Warehouses dominate the Inland Empire, and authority officials estimate that 60% of businesses on authority land are tied to logistics.

Jeffries said his only criticism of the authority “is actually more about how our local economy changed.”

“I believe that much of the original effort for job creation was going to come from manufacturing and other light industrial uses,” he said. “The private sector changed and brought to the (authority) and area cities the warehouse industry and all its tractor trailer rigs.”

Making sure growth doesn’t harm the base — it employed 9,600 as of 2019, according to Riverside County — is one of the authority’s top priorities. Tall buildings, for example, might impede takeoffs and landings, and the wrong project in the wrong place might lead to disaster if a plane crashes like the F-16 that crashed in 2019 into a warehouse near March. Miraculously, no one was killed and only minor injuries were reported.

The authority works with base officials, the Federal Aviation Administration, the county Airport Land Use Commission, Air Force Reserve Command and the Air Force Civil Engineer Center to ensure projects don’t clash with base operations.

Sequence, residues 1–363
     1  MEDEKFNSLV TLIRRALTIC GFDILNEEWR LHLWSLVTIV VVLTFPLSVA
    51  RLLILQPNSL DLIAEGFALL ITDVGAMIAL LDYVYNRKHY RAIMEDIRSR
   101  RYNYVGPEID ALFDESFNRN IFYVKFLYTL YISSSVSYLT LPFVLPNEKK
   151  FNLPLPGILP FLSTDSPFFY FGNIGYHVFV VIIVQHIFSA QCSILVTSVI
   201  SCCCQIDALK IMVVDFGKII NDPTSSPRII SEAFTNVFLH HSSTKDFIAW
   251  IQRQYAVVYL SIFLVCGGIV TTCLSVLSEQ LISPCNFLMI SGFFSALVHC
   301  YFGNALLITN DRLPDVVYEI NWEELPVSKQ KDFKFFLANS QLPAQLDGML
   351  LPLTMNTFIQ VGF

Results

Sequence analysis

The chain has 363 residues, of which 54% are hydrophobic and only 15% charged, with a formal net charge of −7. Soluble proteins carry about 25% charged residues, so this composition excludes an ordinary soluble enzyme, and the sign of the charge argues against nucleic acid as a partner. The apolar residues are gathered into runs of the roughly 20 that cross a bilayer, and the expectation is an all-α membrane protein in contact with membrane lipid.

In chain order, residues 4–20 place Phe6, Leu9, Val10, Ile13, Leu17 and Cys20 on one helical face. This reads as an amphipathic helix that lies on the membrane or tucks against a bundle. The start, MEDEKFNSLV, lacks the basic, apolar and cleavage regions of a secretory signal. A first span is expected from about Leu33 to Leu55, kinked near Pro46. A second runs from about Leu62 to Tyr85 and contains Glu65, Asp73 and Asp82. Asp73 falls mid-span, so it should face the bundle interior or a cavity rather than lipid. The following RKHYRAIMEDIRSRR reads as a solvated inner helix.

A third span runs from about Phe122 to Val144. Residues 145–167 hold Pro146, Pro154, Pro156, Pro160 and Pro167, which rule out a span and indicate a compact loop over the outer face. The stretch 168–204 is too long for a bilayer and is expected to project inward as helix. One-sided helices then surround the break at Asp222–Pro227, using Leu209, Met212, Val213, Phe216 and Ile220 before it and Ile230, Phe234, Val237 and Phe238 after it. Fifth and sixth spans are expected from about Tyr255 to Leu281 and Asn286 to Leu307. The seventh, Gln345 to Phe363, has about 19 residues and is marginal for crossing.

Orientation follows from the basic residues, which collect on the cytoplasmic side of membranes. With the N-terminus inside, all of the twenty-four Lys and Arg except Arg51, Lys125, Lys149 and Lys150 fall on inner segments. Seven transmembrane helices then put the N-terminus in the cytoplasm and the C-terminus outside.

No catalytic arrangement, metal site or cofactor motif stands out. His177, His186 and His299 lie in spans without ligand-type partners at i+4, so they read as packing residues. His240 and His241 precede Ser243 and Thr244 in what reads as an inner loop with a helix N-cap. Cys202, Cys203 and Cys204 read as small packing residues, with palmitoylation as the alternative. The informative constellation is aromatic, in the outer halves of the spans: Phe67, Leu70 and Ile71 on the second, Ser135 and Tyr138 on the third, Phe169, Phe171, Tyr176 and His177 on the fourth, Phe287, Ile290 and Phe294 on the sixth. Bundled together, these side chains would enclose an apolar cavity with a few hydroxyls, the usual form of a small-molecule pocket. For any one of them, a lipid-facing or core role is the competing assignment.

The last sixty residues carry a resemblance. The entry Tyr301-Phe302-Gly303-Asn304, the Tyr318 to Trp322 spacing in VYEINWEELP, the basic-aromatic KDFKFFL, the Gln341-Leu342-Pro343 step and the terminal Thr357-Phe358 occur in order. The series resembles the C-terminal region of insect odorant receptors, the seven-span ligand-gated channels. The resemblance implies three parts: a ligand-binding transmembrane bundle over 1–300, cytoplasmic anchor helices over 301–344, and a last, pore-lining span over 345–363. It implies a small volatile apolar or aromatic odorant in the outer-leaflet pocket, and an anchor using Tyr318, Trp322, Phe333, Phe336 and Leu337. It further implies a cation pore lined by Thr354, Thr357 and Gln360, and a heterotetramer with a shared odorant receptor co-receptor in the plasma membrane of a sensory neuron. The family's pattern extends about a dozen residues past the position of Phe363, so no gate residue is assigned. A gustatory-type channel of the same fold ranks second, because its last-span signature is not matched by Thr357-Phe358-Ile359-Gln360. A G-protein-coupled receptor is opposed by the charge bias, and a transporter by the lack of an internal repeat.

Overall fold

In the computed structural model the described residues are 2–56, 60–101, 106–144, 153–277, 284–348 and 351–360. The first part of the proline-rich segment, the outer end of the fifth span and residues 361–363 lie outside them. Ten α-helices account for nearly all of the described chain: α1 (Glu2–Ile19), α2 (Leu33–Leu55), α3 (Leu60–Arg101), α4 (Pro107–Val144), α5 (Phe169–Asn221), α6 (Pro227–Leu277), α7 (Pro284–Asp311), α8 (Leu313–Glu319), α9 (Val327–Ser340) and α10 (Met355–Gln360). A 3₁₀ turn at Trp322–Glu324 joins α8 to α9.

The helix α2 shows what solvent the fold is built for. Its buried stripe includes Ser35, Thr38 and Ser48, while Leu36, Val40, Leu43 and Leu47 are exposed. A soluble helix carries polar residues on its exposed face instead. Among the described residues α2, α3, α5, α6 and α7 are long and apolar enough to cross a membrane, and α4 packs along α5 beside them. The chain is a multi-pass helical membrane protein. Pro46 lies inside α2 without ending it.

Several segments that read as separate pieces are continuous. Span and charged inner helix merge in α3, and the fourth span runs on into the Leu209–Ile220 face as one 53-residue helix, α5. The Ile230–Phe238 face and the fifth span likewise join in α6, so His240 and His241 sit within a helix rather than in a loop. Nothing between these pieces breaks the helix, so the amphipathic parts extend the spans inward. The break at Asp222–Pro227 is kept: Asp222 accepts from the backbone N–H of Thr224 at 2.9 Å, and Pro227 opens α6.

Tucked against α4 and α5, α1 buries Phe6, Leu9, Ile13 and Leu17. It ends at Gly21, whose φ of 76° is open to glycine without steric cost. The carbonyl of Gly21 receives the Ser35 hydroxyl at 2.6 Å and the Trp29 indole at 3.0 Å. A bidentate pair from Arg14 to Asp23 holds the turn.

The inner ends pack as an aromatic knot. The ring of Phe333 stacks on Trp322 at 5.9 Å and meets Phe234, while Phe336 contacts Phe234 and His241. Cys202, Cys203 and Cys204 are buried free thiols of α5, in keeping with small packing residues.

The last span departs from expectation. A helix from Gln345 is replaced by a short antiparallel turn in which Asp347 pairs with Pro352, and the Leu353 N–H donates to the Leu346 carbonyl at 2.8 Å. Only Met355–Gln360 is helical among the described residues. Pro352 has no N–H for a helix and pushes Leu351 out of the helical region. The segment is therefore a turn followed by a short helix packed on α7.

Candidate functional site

It’s been an “extremely valuable” partner, said Col. Gregory P. Haynes, commander of the 452nd Air Mobility Wing at March.

“All of these different construction projects that you see going on around the base, they’re able to help us consolidate all that and manage it and work with us,” Haynes said.

Riverside City Council Member Chuck Conder, a March commissioner since January 2020, is wary of encroaching growth.

“Had I been there from the beginning, I would have done more to protect the perimeter of the base,” said Conder, a retired Air Force officer.